Finnish Lapphund Breed Magazine - Showsight


By Toni Jackson

T he Finnish Lapphund is both and old and new breed—old in that examples of rough coated Spitz dogs herd- ing livestock can be found on early cave paintings of the Saame people and new in that the Finnish Lap- phund (Suomenlapinkoira) only became recognised by the Finnish Club fully in the 1950s and then from 1967 the breed was separated from the smooth-coated variety, the Lapinporokoira. When judging the breed, one should really look at the overall impression—this is a natural breed that exhibits charac- teristics of both Scandinavian Spitz and herding breeds. It is a somewhat primitive

breed that should be admired in a natu- ral and unpolished state. Whilst accepting that we are judging at a beauty show we should not expect a highly coi ff ured, neat dog, heavily shaped or trimmed. A natural look is to be sought after, as a rough coat is essential for the breed to cope with the Lapland climate. It should demonstrate strength for its size but should never be coarse or heavy, just su ffi cient substance to deal with the large elk and reindeer that it herds in native Lapland. Given its heavy coat, judges must get up close to the breed and use their hands to examine the structure of the dog under the thick double-layered coat, as clev- erly groomed dogs can fool a judge who admires from afar. Another important fea-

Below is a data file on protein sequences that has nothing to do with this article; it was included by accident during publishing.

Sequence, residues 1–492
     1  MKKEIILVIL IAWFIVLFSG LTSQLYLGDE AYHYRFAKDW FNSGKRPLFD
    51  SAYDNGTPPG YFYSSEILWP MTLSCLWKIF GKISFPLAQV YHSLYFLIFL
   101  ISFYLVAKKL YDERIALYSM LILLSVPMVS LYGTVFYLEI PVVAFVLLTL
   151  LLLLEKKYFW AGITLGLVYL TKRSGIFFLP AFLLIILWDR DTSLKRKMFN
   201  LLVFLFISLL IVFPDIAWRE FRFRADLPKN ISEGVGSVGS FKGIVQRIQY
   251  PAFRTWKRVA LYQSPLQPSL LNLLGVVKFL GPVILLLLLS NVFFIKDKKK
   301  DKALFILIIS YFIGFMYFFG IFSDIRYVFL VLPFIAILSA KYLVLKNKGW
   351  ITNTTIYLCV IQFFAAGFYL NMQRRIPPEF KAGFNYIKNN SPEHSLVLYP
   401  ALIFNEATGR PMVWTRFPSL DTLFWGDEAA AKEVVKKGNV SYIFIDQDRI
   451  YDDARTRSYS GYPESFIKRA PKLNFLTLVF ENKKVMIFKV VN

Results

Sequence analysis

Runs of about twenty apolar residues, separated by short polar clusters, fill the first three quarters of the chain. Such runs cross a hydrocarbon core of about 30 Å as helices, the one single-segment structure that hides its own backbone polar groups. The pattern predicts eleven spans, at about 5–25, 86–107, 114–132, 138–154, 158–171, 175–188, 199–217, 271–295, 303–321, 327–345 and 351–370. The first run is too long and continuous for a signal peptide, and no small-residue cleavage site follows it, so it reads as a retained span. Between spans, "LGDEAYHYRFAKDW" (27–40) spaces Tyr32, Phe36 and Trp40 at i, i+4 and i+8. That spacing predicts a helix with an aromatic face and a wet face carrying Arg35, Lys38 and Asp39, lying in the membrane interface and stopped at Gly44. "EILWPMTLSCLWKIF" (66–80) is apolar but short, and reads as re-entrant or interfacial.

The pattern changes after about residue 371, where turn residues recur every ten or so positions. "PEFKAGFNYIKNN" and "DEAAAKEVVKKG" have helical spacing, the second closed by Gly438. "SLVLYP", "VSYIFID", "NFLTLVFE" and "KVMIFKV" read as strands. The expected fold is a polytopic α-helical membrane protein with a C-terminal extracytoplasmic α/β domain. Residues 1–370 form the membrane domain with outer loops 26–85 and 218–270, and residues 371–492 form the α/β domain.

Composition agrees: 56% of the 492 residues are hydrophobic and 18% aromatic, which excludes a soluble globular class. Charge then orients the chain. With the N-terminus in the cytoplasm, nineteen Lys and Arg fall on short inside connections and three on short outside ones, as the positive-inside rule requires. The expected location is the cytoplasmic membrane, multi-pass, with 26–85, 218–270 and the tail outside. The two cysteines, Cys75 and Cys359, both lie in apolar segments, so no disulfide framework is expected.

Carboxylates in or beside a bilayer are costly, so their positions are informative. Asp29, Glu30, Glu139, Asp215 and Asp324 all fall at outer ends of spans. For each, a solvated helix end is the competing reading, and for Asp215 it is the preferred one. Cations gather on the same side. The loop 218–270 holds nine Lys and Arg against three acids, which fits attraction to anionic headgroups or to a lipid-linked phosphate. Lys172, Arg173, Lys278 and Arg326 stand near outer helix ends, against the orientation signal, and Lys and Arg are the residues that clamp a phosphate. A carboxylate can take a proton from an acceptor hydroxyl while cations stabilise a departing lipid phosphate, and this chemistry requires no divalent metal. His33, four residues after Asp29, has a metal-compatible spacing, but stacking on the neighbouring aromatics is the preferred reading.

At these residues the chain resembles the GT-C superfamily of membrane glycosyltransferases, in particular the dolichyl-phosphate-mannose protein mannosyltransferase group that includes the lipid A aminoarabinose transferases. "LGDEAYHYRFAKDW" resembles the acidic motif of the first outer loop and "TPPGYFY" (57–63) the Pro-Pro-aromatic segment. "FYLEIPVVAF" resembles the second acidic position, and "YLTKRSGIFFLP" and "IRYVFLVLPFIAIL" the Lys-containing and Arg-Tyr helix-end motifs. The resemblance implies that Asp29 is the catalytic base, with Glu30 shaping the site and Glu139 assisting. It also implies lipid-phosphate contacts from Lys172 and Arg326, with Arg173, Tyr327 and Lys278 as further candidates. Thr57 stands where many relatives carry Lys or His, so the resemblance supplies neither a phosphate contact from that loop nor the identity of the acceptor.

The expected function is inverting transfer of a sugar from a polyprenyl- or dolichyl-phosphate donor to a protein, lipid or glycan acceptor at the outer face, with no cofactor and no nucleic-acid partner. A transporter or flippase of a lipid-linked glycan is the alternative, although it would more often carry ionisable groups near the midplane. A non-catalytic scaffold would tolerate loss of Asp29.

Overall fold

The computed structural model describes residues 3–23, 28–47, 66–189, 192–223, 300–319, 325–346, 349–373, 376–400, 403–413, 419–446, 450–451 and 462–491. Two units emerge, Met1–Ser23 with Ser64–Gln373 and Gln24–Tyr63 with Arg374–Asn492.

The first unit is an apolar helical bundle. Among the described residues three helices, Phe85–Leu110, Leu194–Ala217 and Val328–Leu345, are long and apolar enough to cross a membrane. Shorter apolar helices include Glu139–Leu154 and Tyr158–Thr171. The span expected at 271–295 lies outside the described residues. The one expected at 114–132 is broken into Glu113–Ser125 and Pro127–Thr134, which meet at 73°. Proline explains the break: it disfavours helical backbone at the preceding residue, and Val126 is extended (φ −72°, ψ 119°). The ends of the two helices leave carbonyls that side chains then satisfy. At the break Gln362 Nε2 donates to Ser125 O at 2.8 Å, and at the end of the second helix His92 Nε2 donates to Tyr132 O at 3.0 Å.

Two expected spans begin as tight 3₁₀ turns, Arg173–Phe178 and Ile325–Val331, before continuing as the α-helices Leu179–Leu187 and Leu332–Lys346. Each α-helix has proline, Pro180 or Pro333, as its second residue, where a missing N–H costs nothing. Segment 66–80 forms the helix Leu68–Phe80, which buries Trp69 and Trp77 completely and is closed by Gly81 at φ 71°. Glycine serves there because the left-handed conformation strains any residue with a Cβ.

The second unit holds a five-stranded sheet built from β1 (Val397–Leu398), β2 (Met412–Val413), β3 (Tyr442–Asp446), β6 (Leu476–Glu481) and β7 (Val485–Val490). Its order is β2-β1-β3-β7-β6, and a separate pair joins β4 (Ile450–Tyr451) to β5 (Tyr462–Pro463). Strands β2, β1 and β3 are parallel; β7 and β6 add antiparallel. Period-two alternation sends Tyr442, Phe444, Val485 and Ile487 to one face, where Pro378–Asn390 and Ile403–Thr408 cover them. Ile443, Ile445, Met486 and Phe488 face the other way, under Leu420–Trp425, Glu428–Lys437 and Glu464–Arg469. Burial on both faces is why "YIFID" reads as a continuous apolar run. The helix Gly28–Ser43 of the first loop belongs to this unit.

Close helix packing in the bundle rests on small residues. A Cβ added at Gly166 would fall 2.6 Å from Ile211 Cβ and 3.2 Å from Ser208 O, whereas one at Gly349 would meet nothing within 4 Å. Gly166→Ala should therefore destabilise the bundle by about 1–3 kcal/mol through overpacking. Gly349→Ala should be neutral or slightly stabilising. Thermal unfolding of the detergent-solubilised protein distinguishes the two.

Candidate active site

ture of the breed is the temperament—as one suited to working and living with the Saame people, it is a friendly breed and poor temperament towards people, either as aggression or nervousness is alien and should be penalized in the ring. When judging the breed, start at the head: this should be strong and well-bal- anced to the body size. What is key is a soft expression, created from a broad, slightly rounded skull, defined cheek bones and defined stop. Th e muzzle length should be slightly less than that of the skull and whilst it tapers slightly, it should never be sharp and pointed; a weak underjaw is undesirable. Good strength to muzzle, tight lips and dark pigment (harmonising with coat colour) create a smiley face.

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